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Bottles 5 late stage of development

Bottles 5 late stage of development

I’ve only recently begun to work simultaneously on two or three paintings.

And I’m discovering that there are numerous advantages for me in doing this.

First, I don’t obsess as much on one painting. Normally, I’ll spend a lot of time working into what I’ve set down initially to try to ‘get it right’. When, often what I had was already good and fresh, and I just should have left it alone! Having more paintings in the sidelines waiting for their turn, helps me detach (can you hear that sound of a suction cup letting go? Thwock)! and turn my beady eye on a new victim.

Secondly, each painting has its own character and demands a different approach in applying paint, colour, etc. (though I do try to work on paintings that have a similar palette). So it has happened that where I was getting too tight on one painting, and worked on one with a looser approach, getting back to the first one, I could let go a little easier. So far that has been the biggest advantage for me.

Third, trying to finish one painting in order to get to the next new one can put me in a frame of mind which isn’t optimal for taking the patient, caring steps needed to finish a work with honour. I am slightly bored with the end stages, I like the excitement of the first parts of the process best and have to discipline myself not to rush completion. So being able to work on several at the same time avoids the feeling of having to rush to get to the next one.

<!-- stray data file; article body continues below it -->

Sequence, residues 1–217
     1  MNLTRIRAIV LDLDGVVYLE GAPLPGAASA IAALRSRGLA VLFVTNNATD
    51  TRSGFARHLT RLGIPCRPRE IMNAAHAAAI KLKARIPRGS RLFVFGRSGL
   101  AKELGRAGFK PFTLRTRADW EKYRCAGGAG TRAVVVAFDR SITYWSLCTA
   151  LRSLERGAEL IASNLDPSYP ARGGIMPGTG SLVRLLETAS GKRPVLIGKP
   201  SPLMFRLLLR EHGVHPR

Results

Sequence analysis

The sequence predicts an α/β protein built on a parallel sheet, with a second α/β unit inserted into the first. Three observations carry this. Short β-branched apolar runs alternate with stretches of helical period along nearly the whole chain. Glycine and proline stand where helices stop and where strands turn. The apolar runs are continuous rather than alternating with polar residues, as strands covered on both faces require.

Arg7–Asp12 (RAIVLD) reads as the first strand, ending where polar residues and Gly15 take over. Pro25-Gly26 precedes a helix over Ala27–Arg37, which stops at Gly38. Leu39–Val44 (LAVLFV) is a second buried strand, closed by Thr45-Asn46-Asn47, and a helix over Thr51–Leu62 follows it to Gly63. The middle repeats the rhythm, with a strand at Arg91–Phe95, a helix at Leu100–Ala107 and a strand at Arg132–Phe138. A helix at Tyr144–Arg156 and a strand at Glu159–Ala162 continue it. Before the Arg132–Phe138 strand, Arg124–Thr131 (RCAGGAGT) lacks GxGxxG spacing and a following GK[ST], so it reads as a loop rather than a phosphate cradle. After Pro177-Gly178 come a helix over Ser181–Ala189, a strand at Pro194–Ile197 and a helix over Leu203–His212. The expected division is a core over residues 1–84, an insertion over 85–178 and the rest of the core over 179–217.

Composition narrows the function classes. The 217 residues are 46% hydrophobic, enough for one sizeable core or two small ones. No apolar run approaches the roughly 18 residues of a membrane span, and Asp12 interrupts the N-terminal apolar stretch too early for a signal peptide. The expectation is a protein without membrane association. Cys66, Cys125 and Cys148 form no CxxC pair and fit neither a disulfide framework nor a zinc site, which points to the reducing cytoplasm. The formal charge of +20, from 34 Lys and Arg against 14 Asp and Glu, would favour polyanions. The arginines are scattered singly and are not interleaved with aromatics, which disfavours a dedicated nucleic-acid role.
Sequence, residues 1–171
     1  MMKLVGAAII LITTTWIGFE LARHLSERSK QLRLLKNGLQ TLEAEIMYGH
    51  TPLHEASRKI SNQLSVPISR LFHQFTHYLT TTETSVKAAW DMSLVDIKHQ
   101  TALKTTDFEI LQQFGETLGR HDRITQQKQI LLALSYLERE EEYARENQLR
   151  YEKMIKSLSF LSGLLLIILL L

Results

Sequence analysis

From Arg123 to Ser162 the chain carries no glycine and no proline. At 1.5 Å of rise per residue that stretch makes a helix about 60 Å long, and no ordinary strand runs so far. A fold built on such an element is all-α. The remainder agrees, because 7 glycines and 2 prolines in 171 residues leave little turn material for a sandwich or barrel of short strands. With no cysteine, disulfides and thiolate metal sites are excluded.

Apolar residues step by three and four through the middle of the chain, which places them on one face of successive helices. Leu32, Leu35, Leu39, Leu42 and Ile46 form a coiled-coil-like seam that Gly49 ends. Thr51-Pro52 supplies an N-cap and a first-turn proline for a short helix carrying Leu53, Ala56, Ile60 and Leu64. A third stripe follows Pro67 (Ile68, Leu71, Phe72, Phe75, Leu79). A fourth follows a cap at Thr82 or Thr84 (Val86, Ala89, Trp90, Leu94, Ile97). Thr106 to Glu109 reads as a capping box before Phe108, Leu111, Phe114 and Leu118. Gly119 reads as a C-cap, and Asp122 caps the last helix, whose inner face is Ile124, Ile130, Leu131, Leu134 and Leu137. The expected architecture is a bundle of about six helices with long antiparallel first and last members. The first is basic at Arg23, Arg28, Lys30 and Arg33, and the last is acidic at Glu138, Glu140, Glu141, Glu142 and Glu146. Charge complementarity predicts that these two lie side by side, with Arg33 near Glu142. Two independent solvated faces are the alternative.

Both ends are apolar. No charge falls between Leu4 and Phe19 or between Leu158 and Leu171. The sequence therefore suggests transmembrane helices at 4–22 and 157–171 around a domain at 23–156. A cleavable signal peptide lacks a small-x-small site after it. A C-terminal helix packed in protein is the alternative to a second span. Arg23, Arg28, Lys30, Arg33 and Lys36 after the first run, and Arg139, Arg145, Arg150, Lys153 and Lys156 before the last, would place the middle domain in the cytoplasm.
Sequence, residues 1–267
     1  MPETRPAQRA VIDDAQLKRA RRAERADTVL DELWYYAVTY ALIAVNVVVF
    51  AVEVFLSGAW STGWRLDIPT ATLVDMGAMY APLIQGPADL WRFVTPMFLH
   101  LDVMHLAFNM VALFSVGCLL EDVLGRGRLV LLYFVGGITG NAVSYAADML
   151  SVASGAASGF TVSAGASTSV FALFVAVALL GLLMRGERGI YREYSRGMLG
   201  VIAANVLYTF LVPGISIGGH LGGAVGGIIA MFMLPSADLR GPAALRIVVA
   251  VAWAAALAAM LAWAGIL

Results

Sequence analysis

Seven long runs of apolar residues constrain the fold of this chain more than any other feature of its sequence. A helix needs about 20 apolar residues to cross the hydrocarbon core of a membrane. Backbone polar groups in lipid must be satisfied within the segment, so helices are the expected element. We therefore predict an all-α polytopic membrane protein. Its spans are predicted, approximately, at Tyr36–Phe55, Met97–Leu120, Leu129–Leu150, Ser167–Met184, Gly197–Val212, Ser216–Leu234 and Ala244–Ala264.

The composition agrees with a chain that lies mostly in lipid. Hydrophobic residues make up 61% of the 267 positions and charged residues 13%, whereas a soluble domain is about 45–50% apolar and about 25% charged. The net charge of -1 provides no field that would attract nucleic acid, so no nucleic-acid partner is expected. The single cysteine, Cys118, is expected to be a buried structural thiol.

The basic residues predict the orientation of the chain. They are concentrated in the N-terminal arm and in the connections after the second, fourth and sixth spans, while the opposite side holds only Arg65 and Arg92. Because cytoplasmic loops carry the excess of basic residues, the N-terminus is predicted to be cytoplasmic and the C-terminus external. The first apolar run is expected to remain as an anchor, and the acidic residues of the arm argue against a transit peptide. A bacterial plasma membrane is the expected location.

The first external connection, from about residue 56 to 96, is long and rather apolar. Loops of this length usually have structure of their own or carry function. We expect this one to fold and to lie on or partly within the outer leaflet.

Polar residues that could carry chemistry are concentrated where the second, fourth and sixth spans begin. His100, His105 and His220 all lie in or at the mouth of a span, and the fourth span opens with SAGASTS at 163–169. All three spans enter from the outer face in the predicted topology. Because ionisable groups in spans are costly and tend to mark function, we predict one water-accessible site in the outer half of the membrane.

The one above is interesting, it is being worked on with others in the bottle series (see an earlier post):

5 bottles

5 bottles

 

Blue bottles still life present stage

Blue bottles still life present stage

Here was an earlier version of it:

Early stage bottles 5

Early stage bottles 5

I tried to keep those landscapey little blocks of green and pink in the background and background bottle, but just couldn’t pull it off. It was useful though, because those colours do shine through here and there in the present version (top of page) and liven it up.

I learned with this one that you can’t honour both intentions, realistic and abstract, at least I can’t – not yet. An artist friend, Eoin Mac Lochlainn, wrote in a recent conversation that it is tricky to straddle the line between realistic and abstract. He works in both sometimes and has shown them together. [Evidently I misunderstood a previous conversation Eoin and I were having, and he doesn’t consider the skies pure abstracts- see his comment below. Apologies, Eoin].Now that is tricky, but in this case I think he pulls it off. There is a clear intention there of showing the lovely empty skies with the abandoned fireplaces, and I feel they enrich one another.(Do look at the short video on his blog, and the music is wonderful).

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